Get 20M+ Full-Text Papers For Less Than $1.50/day. Start a 14-Day Trial for You or Your Team.

Learn More →

Richard Rorty and the Philosophical Life

Richard Rorty and the Philosophical Life Contemporary Pragmatism Vol. 8, No. 1 (June 2011), 35­45 Editions Rodopi © 2011 Rorty's "philosophical life" as a public intellectual was aimed at dispelling the belief that there is a transcendent source of information about what is true and real that humans are obliged to bow down to. From a historical standpoint, his thought can be seen as the culmination of a development of ideas leading to the view that humans determine what counts as real and right. This paper traces this view and also questions whether, in its most robust form, it is tenable. 1. In choosing "Rorty and the Philosophical Life" as the title of my paper, I am invoking a book that seems especially relevant to understanding Rorty: Pierre Hadot's Philosophy as a Way of Life. Hadot's principal claim there is that the ancient schools of philosophy were not really interested in giving arguments to prove metaphysical and epistemological claims, as we generally suppose today. On the contrary, their goal in defending theses and discovering truths was subordinate to what to them was their primary aim, which was to formulate an understanding of the optimally good life for the sage, and on that basis to http://www.deepdyve.com/assets/images/DeepDyve-Logo-lg.png Contemporary Pragmatism Brill

Richard Rorty and the Philosophical Life

Contemporary Pragmatism , Volume 8 (1): 35 – Apr 21, 2011

Loading next page...
 
/lp/brill/richard-rorty-and-the-philosophical-life-PHBy1kSFkG
Publisher
Brill
Copyright
© Copyright 2011 by Koninklijke Brill NV, Leiden, The Netherlands
ISSN
1572-3429
eISSN
1875-8185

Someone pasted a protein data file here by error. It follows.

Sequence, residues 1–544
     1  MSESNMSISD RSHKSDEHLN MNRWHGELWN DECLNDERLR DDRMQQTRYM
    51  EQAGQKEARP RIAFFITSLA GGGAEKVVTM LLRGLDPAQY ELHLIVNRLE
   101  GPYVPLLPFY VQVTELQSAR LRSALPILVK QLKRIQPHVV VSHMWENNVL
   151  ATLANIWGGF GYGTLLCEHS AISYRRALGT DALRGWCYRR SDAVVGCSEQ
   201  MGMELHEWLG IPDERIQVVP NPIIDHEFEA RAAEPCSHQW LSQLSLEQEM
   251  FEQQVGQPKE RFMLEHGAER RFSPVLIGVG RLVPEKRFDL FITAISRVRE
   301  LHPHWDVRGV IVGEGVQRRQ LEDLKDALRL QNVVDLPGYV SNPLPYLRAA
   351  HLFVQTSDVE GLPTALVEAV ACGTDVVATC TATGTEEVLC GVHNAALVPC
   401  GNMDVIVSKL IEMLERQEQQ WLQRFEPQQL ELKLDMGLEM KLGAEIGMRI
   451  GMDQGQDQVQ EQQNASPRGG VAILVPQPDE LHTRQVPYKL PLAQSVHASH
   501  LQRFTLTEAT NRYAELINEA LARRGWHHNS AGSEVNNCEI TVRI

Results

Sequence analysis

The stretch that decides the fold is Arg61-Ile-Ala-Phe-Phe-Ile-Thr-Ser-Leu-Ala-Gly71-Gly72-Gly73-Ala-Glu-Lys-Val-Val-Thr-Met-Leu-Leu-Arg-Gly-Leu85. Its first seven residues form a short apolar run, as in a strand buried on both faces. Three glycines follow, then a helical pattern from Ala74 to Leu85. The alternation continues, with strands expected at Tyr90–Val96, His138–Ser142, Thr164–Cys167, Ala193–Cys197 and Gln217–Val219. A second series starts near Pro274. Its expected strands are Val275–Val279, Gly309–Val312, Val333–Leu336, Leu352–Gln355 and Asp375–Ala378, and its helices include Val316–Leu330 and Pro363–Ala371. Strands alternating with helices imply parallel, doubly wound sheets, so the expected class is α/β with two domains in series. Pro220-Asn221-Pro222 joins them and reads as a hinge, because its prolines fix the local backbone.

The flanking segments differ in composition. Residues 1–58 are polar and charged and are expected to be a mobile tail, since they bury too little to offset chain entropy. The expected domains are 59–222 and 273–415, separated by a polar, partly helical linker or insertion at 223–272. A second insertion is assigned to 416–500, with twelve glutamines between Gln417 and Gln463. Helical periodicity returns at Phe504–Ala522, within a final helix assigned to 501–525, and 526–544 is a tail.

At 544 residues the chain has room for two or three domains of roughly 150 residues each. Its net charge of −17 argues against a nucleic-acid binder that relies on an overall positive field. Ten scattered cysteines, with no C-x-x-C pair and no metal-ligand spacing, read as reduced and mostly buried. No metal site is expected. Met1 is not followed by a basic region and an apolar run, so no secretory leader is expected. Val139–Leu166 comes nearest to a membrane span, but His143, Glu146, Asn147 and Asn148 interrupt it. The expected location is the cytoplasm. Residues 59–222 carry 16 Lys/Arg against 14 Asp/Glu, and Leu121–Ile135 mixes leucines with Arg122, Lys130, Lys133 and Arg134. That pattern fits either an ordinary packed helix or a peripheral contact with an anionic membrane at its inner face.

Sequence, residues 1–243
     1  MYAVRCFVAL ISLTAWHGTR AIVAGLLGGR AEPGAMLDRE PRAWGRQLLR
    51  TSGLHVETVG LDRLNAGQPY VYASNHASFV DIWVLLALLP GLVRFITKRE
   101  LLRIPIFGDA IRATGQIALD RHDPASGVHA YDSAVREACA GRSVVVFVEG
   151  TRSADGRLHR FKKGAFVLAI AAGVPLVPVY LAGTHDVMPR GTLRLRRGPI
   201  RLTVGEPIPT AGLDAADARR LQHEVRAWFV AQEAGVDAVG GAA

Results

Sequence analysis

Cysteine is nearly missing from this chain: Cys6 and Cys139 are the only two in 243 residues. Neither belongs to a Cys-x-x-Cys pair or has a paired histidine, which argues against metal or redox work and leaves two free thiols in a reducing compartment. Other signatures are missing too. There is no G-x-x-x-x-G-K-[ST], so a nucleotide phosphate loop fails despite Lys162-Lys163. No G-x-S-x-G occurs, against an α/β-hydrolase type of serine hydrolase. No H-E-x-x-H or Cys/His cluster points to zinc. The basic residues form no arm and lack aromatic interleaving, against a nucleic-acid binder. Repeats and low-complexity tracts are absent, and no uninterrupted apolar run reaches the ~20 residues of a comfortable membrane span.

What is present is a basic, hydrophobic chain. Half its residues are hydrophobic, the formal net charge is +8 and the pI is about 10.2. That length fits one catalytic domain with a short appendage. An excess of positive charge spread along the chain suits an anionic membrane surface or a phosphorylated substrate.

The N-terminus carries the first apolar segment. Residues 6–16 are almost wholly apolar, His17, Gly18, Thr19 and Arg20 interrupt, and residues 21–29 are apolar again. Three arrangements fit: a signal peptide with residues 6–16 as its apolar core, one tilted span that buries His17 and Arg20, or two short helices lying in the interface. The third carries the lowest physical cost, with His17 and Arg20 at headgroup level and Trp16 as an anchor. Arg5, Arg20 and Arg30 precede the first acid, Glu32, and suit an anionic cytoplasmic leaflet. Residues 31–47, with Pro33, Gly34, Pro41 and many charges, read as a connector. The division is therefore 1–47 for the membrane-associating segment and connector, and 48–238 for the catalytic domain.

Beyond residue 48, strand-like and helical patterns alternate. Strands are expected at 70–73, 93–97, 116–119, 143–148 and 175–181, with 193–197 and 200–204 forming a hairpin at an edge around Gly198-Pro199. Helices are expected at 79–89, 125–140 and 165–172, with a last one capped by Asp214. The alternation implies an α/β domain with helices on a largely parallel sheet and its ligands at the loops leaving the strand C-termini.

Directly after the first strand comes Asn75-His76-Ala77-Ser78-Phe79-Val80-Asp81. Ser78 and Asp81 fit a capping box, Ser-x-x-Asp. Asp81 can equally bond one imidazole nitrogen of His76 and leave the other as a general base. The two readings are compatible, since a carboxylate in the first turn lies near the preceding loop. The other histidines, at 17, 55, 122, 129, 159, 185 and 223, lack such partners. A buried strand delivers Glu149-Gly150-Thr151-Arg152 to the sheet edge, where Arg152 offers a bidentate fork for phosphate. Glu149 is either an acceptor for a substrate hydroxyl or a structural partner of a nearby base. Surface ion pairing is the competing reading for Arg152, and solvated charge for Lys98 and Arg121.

DOI
10.1163/18758185-90000181
Publisher site
See Article on Publisher Site

Abstract

Contemporary Pragmatism Vol. 8, No. 1 (June 2011), 35­45 Editions Rodopi © 2011 Rorty's "philosophical life" as a public intellectual was aimed at dispelling the belief that there is a transcendent source of information about what is true and real that humans are obliged to bow down to. From a historical standpoint, his thought can be seen as the culmination of a development of ideas leading to the view that humans determine what counts as real and right. This paper traces this view and also questions whether, in its most robust form, it is tenable. 1. In choosing "Rorty and the Philosophical Life" as the title of my paper, I am invoking a book that seems especially relevant to understanding Rorty: Pierre Hadot's Philosophy as a Way of Life. Hadot's principal claim there is that the ancient schools of philosophy were not really interested in giving arguments to prove metaphysical and epistemological claims, as we generally suppose today. On the contrary, their goal in defending theses and discovering truths was subordinate to what to them was their primary aim, which was to formulate an understanding of the optimally good life for the sage, and on that basis to

Journal

Contemporary PragmatismBrill

Published: Apr 21, 2011

There are no references for this article.